3. Larry says:

    I have decided to stay. I left for several years. Came back. Still little change. “Growth though painful is worth the journey.” Pray. Give. Share. Love. Forgive. Speak truth in love. Suffer. No one is chopping your head off. He never complained. Be quiet and know Him. I’m 66 next week, however, I have just reached my teens in Christ through the Spirit. My wife, Vicki .and I have grown through reading, travel to workshops in Tulsa and Nashville over many years and the blessings of young, open-heart music which reaches deep within our souls.
    Vicki is blessed to share with other women in a Spirit enlightening class on Sundays. Pray for her and other women in our congregation who only now are being given a voice.
    We try to speak no evil of others who speak strongly against us without following Scriptural patterns of questioning us as “Change Agents.”
    We can move forward through forgiven of others without their asking.

  4. Price says:

    In my personal life, it seems that the things that were part of my “identity” that the Lord wanted to separate me from.. He did.. I learned that it is a lot less painful to walk with “open palms” rather than having my fingers pried apart concerning “things”.. He apparently wants to be my identity.. the rest, while not necessarily unworthy, should not take top billing and identify who I am.. I don’t know why things would be different concerning our assemblies or gatherings… As long as the focus is on retaining our identity as a “church of Christ” I think the focus is badly misplaced. Any restructuring or reorganization that attempts to keep God second and CoC first… will fail.. Besides.. which of the 30+ identities does one wish to associate with and retain… it’s so confusing.. Anti, conservative, progressive, one cuppers…LAWD !!! Let it go… open palms is the way to go.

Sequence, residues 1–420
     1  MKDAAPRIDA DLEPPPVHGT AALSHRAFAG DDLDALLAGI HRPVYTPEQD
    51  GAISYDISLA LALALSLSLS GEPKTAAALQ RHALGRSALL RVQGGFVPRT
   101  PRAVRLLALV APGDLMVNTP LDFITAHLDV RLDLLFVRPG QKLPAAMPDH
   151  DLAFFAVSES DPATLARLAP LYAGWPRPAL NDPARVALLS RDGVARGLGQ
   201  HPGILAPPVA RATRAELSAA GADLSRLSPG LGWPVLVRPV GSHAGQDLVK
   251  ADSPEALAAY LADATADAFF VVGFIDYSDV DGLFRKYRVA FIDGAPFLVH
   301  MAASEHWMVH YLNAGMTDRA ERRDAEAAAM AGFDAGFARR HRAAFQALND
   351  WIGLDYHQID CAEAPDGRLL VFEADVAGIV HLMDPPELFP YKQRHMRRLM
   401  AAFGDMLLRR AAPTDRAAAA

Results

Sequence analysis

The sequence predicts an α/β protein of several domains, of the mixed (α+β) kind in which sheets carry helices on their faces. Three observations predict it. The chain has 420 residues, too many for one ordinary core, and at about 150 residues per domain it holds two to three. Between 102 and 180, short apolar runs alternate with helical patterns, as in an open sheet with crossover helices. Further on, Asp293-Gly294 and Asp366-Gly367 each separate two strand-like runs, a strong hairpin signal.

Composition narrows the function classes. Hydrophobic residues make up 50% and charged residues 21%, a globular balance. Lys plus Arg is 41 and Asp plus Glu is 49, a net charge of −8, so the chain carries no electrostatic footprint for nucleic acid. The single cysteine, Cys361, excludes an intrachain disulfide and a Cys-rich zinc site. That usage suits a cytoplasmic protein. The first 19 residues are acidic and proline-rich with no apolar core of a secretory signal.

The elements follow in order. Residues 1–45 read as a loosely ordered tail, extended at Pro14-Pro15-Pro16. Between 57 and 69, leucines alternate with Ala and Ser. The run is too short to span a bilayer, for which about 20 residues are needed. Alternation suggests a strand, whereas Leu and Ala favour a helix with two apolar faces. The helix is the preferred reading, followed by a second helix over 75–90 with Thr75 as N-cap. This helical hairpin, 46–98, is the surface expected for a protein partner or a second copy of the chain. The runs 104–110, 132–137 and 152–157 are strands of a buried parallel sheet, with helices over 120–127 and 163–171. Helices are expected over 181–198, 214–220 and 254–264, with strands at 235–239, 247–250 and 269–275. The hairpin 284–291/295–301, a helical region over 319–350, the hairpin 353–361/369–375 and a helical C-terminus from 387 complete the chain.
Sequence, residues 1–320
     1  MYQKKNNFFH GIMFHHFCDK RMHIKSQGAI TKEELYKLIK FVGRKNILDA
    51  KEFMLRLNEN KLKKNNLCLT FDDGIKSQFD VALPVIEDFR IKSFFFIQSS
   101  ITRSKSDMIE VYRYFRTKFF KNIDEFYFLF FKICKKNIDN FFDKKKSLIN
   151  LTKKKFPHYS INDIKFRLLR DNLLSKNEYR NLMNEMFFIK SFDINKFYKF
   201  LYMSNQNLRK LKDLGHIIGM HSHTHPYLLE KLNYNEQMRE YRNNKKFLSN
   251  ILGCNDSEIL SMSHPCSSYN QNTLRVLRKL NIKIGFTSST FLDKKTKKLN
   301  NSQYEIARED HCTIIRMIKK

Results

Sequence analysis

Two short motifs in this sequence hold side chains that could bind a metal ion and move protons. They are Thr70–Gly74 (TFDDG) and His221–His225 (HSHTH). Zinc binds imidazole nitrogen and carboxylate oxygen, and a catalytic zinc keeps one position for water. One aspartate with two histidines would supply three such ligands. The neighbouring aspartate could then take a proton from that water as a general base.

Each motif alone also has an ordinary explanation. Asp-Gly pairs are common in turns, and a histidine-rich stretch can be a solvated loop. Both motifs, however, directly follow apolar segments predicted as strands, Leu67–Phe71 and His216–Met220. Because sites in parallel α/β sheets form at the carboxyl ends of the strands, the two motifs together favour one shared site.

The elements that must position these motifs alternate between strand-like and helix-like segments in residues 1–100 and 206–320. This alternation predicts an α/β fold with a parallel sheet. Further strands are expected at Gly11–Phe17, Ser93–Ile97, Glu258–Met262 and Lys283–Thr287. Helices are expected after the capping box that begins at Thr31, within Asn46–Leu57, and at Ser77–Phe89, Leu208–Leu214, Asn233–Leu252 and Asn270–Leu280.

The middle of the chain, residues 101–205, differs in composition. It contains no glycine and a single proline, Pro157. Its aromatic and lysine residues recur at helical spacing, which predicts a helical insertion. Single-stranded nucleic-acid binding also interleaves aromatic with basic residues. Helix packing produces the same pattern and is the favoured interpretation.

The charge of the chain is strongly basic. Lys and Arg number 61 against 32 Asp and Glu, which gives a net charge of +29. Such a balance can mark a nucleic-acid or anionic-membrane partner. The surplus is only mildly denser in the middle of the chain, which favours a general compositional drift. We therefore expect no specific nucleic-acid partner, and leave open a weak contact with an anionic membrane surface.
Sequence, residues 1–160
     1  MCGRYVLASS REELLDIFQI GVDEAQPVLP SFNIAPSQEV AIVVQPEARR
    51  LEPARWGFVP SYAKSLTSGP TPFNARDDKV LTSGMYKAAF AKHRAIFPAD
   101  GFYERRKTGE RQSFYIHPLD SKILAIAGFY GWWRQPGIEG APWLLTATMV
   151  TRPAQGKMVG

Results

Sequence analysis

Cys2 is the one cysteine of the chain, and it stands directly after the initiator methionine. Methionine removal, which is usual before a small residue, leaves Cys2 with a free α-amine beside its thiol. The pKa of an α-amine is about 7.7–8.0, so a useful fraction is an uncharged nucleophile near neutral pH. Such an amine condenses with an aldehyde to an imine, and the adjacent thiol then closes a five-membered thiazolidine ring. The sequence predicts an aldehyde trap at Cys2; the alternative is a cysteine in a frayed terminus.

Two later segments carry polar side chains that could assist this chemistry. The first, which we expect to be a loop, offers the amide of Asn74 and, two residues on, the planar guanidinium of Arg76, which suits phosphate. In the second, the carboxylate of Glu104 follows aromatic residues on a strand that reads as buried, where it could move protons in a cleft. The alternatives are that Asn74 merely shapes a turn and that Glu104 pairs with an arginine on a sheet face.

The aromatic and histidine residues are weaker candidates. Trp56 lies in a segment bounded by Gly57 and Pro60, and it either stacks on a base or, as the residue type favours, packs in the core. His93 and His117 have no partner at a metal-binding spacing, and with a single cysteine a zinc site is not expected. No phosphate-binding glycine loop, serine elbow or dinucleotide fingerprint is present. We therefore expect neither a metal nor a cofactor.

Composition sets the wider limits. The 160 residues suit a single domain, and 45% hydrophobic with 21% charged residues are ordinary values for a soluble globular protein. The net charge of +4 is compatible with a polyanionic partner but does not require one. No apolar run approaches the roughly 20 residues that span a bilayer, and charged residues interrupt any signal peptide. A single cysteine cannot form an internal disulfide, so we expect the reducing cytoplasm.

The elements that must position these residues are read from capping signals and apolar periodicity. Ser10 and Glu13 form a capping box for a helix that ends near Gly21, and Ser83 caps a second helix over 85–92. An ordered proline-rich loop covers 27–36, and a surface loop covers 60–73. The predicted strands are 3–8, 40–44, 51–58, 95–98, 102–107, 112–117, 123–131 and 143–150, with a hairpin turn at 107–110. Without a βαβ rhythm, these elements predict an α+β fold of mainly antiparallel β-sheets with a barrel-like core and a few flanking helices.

5. Mark says:

    I saw a cofC with long, proof-texted sermons, a heavy focus on Paul at the expense of Jesus, and no holidays. I always wondered why holidays could not be mentioned. I saw a flagship cofC have a real service of Christmas on the Sunday before (birth chapter, John ch 1, Hebrews ch 1, portions of Isaiah and Jeremiah) and the next year they did not even mention Christmas on the Sunday before. I was saddened. I figured someone had complained about it. I have seen a progressive cofC and attended there. I did not find the service very prayerful or respectful. I saw the Methodist church on TV on Sundays and heard some very good sermons either by a young woman minister or their long time sr pastor. Both were quite good though he had more years of experience than she had been alive. I liked communion every Sunday (though I found out some Methodists have it every Sunday). Later, I found conservative Anglican churches in different places and would go there for a liturgy fix and realized how much gospel they read every Sunday and priests who really could give a homily that had meaning, I have continued attending the conservative Anglican and am not the only person there who came from another denomination.

  6. Jay Guin says:


    Rachel Held Evans, a very popular Church of Christ blogger, has just announced that she’s become an Episcopalian.

  7. Mark says:

    I’m familiar with her (through her blog). Nadia Bolz-Weber grew up in the cofC and is now an ordained Lutheran minister in Denver with her own growing congregation, House for All.

  8. gt says:

    Rachel Held Evans background is not in the churches of Christ as far as I know. I believe she was raised in an Evangelical/Community Church